For Christmas, Anthony gave me a mysterious large box. Unwrapping it, I found layer after layer of tissue paper and decoy items, all labeled "This is not Stacy's gift." Deep inside the box was an envelope proclaiming itself to contain my real gift--tickets to see the amazing Jason Isbell.
I can't even list all the things I loved about this present. It was a total surprise, and clever, and not a piece of stuff that would just take up space. And while Jason Isbell had already passed through Atlanta when I couldn't go, these tickets were for the show in Knoxville, Anthony's hometown, at a theatre where he used to do plays as a teenager. I'd never been to the Bijou, so I was excited about that. Plus, on this leg of Isbell's tour, my girl Holly Williams was opening for him!
So this week we drove to Knoxville on a gorgeous clear winter day, stayed with Anthony's mom for a couple of days, met his high school best friend for dinner at The Bistro (loved it) and went to the show. It was really kind of a magical night. Really damn cold, but magical.
You ever have the experience of witnessing somebody do something they're really, really good at--whatever that might be--and you just want to say, THANK YOU? Thank you for sharing this ability you have, this thing you have created! That's what this show was like. It was an honor just to be in the room to hear these songs.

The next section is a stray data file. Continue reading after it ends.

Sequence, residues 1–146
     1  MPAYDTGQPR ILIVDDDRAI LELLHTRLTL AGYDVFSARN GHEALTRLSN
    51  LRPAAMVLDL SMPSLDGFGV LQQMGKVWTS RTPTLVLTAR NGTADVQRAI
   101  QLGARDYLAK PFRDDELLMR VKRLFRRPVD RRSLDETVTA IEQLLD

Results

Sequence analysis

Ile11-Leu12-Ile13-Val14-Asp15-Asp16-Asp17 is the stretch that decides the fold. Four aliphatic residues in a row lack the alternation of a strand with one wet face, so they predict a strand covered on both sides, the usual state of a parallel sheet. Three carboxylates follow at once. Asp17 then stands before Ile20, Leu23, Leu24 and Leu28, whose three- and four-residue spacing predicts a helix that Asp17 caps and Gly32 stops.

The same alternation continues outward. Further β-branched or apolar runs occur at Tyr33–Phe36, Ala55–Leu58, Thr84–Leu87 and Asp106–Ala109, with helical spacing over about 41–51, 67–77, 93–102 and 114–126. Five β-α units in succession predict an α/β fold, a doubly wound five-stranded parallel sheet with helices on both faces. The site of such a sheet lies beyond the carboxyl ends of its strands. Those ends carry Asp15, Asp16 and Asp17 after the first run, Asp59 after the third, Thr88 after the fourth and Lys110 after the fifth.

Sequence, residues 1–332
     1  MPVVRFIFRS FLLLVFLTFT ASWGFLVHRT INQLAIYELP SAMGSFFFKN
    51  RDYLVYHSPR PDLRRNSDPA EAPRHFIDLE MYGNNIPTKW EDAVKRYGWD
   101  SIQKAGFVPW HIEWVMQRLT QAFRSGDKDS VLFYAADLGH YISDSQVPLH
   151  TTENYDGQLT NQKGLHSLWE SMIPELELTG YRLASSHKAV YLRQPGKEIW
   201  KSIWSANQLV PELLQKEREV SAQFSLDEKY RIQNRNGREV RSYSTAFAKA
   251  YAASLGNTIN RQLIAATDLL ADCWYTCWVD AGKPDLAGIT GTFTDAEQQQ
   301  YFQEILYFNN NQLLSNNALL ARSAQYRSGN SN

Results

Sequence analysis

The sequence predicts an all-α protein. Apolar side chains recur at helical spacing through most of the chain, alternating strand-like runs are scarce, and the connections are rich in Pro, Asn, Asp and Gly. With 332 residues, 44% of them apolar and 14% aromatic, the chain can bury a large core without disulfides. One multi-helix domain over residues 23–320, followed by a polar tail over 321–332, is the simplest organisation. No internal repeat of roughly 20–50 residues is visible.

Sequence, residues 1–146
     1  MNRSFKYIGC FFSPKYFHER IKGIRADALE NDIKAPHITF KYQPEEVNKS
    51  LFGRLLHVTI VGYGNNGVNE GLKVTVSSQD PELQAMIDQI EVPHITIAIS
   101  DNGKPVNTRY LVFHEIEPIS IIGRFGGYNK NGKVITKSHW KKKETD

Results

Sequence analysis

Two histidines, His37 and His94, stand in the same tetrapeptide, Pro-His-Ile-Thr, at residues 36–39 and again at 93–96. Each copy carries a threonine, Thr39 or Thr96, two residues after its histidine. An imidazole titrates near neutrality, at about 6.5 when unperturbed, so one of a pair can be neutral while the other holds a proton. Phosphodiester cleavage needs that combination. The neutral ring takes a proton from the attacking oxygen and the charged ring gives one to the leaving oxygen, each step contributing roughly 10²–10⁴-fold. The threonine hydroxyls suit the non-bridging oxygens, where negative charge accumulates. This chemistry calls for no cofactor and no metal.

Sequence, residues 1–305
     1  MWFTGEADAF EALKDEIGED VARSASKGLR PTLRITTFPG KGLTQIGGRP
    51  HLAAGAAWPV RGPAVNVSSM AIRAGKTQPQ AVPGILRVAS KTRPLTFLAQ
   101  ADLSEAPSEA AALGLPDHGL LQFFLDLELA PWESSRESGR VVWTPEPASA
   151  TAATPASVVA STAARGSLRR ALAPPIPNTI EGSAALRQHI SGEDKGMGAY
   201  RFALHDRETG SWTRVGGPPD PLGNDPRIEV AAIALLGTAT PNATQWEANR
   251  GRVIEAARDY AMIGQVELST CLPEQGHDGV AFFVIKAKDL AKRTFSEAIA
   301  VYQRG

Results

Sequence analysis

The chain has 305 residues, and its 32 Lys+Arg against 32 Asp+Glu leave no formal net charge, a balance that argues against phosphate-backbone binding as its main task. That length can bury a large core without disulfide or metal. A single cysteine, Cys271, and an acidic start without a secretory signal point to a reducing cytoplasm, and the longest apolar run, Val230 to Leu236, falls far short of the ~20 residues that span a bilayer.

Isbell's Southeastern was my favorite album of 2013. I don't write songs, but this music just plain makes me want to be a better writer, period. A musician friend of mine described Isbell's writing as "precise," and yes, that's exactly it. I love plenty of artists who write abstract lyrics, but the words that really stop me in my tracks are the ones that create a picture that I can't get out of my head. It's a matter of riveting storytelling, and lyrics that make you see things in new ways.
And that's what listening to Southeastern is like for me. Some of the songs are really raw, powerful slices from Isbell's life. Others, like "Yvette" and "Elephant" are devastating, self-contained stories that come from his imagination. Make no mistake, folks--this music is literature. That precision of language that my friend talked about? It's what creates a new way to express ideas we've all heard countless times before. Isbell doesn't say, "A woman left me, and I miss her," he says, "The songs that she sang in the shower are stuck in my head/ Like 'Bring Out Your Dead'/ And 'Breakfast In Bed.'" He doesn't say, "Hey, baby, let's do it all night," he says, "Girl, leave your boots by the bed, we ain't leaving this room."
During this song, the whole room sat perfectly still in their seats, then rose in stunned applause. An amazing thing to witness. A great gift.